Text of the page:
I have seen Oldsmobile engineers attribute the Chevrolet 2.8-liter V-6 to the abortive Oldsmobile FWD project. However, I’m very skeptical of the idea that it “sat on the shelf” until the seventies or that an almost 20-year-old design for an unproduced Oldsmobile experimental engine would be “handed” to Chevrolet. Weird things happen sometimes, so I suppose it’s not outside the realm of possibility, but it seems more like a piece of internal folklore born of old divisional rivalries. I’ve never found any substantive details about the V-6 used in the FWD mules (neither the SAE paper nor the GM Engineering Journal articles about Oldsmobile FWD development even mention its displacement), and since that engine never got close to production, it’s not a claim that seems particularly verifiable. Also, the “small block” Oldsmobile V-8 — by which I assume you mean the 330/350/307 rather than the aluminum Rockette engine — didn’t yet exist as such in 1960 (the bulk of its initial development was in 1962 and early 1963), although it’s possible that the experimental V-6 previewed certain details later used on that engine. To the extent that the 2.8-liter V-6 looks “like an Olds motor,” it seems more plausible that the source of inspiration was the smaller Oldsmobile V-8, which WAS a production engine, and a very familiar one by the time the FWD X-body cars were in development.
(At a glance, the most obvious resemblance between the 2.8-liter V-6 and the Oldsmobile V-8 is the way the block forms a kind of integral shroud for the timing chain. Oldsmobile said they did that because they wanted to be able to use a flat timing chain cover, while Chevrolet’s explanation was that it allowed them to avoid using a steel backing plate for the cam drive.)
Great article as usual! Thanks.
Not only did turbocharged Corvairs have a cylinder head temperature gauge, there was also an under-dash buzzer that alarmed if the head temp get too high. I’ve read that Chevrolet engineers were worried about sustained high loads like pulling a trailer or climbing a long, steep mountain pass and wanted an audible alarm to get the driver’s attention to back off the throttle.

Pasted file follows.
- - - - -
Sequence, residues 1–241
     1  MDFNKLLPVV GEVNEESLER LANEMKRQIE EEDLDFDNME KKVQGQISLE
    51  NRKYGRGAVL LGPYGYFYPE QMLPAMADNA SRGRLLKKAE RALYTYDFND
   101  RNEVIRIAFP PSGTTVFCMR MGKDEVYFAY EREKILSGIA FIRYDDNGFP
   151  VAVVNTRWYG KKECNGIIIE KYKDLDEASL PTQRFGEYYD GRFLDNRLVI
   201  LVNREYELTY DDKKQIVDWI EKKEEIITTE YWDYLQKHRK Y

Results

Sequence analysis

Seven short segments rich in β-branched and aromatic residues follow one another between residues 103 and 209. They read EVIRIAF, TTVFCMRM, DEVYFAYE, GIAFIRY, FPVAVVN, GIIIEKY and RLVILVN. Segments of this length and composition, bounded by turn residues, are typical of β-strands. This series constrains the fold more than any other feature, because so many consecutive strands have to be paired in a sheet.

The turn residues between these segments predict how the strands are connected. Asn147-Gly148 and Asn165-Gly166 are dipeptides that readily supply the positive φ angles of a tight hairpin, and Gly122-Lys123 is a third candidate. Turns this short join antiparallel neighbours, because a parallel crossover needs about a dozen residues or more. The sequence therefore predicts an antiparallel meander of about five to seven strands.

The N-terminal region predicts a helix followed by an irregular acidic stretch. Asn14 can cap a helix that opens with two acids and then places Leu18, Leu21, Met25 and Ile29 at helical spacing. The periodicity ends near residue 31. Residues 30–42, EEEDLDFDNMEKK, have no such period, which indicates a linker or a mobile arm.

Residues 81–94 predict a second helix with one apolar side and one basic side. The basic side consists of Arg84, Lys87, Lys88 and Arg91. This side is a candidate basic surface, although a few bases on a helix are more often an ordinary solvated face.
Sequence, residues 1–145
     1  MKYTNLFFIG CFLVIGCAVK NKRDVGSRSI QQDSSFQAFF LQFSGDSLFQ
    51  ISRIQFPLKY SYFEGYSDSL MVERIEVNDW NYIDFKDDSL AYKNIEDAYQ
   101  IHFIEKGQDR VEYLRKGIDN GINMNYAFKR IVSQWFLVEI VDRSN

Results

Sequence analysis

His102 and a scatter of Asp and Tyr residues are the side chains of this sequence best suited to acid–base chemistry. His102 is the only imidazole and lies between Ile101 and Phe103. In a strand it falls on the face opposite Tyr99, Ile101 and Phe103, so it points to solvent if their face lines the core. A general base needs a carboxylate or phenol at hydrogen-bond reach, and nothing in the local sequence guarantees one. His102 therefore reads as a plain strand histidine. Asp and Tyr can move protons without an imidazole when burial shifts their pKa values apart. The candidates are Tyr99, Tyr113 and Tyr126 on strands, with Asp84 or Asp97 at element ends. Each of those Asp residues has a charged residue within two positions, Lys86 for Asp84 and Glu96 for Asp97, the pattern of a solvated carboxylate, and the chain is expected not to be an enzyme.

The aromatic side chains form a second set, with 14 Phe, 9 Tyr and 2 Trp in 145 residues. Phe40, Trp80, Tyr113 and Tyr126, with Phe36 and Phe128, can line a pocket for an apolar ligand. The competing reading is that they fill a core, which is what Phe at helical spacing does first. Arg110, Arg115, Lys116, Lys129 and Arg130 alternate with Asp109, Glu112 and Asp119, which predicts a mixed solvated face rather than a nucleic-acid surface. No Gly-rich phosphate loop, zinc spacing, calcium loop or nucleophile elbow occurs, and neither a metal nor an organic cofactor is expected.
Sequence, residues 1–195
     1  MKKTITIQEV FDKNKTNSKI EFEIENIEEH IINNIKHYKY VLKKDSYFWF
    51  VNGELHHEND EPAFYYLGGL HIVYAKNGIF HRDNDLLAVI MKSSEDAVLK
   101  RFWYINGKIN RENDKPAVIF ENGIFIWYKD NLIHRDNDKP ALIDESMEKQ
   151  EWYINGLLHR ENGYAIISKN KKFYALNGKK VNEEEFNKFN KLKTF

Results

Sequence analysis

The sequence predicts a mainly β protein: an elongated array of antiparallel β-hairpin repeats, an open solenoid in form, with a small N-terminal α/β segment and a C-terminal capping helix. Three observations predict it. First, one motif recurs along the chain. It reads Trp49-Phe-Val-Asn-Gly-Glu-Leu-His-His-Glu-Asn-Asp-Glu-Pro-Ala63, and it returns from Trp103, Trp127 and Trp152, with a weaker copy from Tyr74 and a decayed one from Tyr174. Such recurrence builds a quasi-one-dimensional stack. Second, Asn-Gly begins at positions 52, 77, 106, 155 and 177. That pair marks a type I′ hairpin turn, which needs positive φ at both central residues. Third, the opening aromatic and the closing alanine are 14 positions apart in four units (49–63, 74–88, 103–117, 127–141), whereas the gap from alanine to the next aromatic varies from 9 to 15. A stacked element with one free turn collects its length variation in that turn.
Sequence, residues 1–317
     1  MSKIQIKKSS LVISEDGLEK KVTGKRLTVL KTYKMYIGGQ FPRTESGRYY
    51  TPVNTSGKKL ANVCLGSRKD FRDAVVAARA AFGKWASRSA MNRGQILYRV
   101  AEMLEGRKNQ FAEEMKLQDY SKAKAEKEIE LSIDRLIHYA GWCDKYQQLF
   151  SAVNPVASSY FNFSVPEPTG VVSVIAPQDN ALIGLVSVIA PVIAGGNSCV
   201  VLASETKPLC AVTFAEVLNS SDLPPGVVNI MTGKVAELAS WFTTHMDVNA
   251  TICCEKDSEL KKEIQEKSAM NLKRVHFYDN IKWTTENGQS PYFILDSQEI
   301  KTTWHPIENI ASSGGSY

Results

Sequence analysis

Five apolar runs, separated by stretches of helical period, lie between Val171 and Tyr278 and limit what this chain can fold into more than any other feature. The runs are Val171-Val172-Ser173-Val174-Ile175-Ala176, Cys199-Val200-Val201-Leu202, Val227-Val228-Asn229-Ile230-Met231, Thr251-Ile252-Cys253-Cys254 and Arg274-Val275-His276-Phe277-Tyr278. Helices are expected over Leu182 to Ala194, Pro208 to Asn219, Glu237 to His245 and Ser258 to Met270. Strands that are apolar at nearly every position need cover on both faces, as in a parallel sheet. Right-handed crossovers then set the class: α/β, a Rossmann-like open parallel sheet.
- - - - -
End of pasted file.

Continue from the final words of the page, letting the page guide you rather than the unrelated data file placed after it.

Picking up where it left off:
Some of the period testers noted that while there was a cylinder head temperature gauge, the gauge didn’t provide any specific indication of how high was too high, so supplementing it with a buzzer was prudent. That notwithstanding, adding the new instruments rather than simply an amber “HEAD TEMP” light in the existing panel was a worthwhile move, and suggested that despite the comparative simplicity of the Spyder package, Chevrolet engineers had a clearer idea of its potential market and what those buyers might want.
I think it had all three: a gauge, an idiot light, and a buzzer. I’ve never driven a Corvair turbo but I’ve had several Corvairs and all had a combination head temp/oil pressure idiot light. As far as I know the turbo kept that and added the gauge and buzzer.
Your extensive follow up on later turbocharged cars was fascinating, especially the point about Porsche not producing a 911 turbo until 1975, 13 years after the Corvair turbo. It seems as if the Corvair wasn’t so much a poor man’s Porsche, rather, the 911 turbo should rightly be considered a rich man’s Spyder.
Porsche’s 1978 SAE paper on their turbocharging development makes clear that they were aware of the Spyder and Jetfire (as one would expect), but were not terribly familiar with them, asserting, for example, that they were made only in 1964 and 1965.
At any rate, what’s distinct about how Porsche approached turbocharging was that it was an offshoot of their racing efforts; their first turbocharged 917 was for the 1972–73 Can-Am series, and the development of the 930 and 935 followed that. Competition has shaped a lot of automotive turbocharging development, and so it’s notable that it WASN’T a factor in the creation of the Jetfire or Spyder. Oldsmobile didn’t develop the Jetfire as an homologation special, and while Chevrolet created the Spyder in large part to try to bolster the credibility of the Corvair Monza as a sporty car, it was neither developed for or as a street version of any racing project.
Marvelous. As usual.
I am–again–impressed with both your research and your ability to write about it.